Does Sex Matter?

is all atwitter over the provocative comments by Harvard President Lawrence
Summers who merely suggested that
innate differences between the sexes might be one factor deserving of
more research as our society tries to understand and rectify the paucity
of women in the upper echelons of hard science. According to the New
York Times:

When Lawrence H. Summers, the president of Harvard, suggested this
month that one factor in women’s lagging progress in science and
might be innate differences between the sexes, he slapped a bit of
brimstone into a debate that has simmered for decades. And though his comments
elicited so many fierce reactions that he quickly apologized, many
left to wonder: Did he have a point?

We certainly think so. Our understanding
of the scientific method is that it encourages the postulation of every
conceivable hypothesis,
even those one finds personally odious, in an effort to disprove and
discard as much as to prove or approve. In fact, we wrote a very thorough
paper on this very topic 30 years ago at Harvard, and although the science
has filled in a lot of the blanks in the intervening decades, our conclusions
were pretty much the same as the current scientific consensus, as described
by this

Has science found compelling evidence of inherent sex disparities
in the relevant skills, or perhaps in the drive to succeed at all costs,
that could help account for the persistent paucity of women in science
generally, and at the upper tiers of the profession in particular?

Talk about asking the wrong question! Just by inserting
the phrase "or perhaps in the drive to succeed at all costs" the Times reporter is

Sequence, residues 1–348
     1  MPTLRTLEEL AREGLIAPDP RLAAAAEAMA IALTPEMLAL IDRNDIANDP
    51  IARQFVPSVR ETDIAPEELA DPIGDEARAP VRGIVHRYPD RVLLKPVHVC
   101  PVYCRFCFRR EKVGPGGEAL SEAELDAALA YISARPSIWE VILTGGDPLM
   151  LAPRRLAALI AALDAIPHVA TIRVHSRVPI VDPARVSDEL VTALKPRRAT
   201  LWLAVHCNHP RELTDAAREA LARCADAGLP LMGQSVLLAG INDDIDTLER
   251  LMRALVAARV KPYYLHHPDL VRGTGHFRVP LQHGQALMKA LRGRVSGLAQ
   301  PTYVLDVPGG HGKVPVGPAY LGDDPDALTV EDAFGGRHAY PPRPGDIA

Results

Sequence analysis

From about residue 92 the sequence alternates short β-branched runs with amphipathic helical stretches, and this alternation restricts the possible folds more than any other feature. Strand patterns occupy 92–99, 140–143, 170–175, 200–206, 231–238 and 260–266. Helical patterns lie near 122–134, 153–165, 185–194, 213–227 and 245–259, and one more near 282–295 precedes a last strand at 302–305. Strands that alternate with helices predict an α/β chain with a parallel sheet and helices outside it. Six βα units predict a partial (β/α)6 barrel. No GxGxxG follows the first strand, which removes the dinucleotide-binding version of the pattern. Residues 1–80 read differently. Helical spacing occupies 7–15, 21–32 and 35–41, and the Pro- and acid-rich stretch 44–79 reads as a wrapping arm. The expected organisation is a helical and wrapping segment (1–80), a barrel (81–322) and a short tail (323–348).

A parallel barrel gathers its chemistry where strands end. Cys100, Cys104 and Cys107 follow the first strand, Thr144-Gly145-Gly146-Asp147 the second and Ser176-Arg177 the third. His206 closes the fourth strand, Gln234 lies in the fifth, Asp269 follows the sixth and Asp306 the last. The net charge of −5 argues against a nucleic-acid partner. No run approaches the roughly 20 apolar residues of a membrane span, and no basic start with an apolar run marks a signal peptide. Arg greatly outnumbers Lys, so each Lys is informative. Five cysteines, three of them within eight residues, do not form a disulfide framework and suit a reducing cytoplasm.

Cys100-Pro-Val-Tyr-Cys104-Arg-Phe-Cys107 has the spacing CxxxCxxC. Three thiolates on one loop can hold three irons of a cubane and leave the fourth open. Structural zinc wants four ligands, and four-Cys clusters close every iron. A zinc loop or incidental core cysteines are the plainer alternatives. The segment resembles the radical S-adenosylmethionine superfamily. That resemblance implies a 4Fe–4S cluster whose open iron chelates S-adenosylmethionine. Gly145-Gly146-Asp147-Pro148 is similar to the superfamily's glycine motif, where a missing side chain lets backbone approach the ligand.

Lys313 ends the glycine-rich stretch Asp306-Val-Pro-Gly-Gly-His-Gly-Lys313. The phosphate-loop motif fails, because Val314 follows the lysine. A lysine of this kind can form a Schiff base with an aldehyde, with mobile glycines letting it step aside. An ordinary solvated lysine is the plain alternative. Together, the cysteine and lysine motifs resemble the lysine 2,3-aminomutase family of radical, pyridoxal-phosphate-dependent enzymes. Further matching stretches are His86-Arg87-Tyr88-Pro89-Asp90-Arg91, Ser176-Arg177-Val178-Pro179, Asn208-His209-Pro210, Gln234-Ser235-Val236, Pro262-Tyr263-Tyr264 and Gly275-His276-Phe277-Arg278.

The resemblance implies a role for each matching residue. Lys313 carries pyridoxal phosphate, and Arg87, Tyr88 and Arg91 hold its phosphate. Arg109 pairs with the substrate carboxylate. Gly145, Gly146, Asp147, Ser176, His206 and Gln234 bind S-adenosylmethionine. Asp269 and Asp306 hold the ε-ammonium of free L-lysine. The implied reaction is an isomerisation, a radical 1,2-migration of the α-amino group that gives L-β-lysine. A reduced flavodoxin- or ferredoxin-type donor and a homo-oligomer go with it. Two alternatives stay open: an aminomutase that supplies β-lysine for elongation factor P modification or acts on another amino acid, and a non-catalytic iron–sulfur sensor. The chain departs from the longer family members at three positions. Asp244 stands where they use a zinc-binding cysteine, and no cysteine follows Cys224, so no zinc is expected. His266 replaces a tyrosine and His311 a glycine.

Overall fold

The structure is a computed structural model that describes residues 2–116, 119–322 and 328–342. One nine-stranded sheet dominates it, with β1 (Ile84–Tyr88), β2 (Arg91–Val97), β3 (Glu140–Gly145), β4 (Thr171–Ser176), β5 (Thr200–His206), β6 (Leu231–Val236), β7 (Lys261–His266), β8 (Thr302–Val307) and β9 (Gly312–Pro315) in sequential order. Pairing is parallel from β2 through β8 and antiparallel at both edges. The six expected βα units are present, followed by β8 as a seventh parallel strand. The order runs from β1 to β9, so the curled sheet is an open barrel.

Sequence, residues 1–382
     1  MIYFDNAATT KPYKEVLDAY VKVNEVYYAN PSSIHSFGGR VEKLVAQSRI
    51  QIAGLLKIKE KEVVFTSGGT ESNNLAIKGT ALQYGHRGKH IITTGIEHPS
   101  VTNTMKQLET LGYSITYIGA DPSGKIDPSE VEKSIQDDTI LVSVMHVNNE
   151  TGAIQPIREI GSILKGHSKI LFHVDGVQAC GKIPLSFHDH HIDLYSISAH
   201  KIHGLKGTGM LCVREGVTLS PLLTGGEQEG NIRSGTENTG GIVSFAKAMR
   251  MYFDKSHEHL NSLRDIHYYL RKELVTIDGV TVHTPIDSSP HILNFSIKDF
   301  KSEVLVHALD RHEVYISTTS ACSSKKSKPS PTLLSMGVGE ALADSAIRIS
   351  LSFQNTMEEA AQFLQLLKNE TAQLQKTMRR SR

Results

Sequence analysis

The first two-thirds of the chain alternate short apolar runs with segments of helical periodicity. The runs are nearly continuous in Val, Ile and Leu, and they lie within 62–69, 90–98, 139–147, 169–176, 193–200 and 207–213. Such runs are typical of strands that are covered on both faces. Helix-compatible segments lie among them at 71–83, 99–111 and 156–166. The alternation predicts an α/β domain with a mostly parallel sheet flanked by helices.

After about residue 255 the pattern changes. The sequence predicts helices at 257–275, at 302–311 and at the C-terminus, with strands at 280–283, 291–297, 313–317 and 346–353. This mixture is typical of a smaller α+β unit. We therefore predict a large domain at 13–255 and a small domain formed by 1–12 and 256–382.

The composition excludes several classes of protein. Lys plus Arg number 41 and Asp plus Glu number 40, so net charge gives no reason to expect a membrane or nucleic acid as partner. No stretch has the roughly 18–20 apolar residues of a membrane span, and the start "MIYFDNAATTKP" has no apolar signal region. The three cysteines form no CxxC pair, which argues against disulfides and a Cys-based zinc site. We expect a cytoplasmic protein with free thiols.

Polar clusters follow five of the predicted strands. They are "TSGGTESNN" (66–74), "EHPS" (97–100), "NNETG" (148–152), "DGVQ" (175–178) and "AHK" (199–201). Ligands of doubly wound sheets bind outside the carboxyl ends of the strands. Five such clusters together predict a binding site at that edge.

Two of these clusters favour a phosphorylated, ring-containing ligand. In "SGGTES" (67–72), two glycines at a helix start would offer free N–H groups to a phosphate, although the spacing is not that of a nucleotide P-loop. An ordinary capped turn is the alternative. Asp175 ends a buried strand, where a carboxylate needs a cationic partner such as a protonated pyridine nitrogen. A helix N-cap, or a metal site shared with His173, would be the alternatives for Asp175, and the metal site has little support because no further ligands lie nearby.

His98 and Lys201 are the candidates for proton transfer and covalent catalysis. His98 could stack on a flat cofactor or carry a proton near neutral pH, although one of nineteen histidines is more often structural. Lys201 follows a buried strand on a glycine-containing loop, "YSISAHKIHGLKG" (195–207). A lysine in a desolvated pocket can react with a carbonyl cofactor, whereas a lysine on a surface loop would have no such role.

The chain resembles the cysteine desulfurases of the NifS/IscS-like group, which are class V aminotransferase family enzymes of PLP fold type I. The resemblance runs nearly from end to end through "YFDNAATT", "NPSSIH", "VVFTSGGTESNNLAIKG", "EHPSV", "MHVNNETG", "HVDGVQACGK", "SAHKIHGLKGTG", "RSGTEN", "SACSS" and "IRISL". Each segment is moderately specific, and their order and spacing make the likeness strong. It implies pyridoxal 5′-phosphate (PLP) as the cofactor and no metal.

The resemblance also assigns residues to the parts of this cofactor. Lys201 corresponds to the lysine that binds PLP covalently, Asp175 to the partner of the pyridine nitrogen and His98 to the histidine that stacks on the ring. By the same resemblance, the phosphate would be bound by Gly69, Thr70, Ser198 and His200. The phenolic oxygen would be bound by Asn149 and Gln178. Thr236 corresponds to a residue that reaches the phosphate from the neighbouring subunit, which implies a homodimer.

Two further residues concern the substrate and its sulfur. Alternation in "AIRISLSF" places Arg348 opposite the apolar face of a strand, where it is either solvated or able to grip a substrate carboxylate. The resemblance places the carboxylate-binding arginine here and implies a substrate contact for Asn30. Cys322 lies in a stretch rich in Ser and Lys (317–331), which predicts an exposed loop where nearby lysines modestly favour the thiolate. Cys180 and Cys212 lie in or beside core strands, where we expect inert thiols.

injecting his own spin and interpretation on this issue. Succeed
at what? And how is success measured? And if "at all cost" includes
the neglect of family and children, shouldn’t we be trying to insert
a little balance in the driven MALE researcher’s lives rather than
trying to get women to emulate them?

"We can’t get anywhere denying that there are neurological
and hormonal differences between males and females, because there clearly
are," said Virginia Valian, a psychology professor at Hunter College
who wrote the 1998 book "Why So Slow? The Advancement of Women." "The
trouble we have as scientists is in assessing their significance to
real-life performance."

Our conclusions were remarkably similar. The physical,
neurological and chemical differences are demonstrable and indisputable,
but it is impossible to scientifically demonstrate how much of the observed
performance differential is due to innate differences and how much is
due to cultural and personality factors. We suspected then, and continue
to suspect today, that if the more of the researchers in this topic were
women they would uncover a long list of cognitive and performance areas
in which women are measurably better than men, and we are not talking
about cooking and gardening.

from the New York Times

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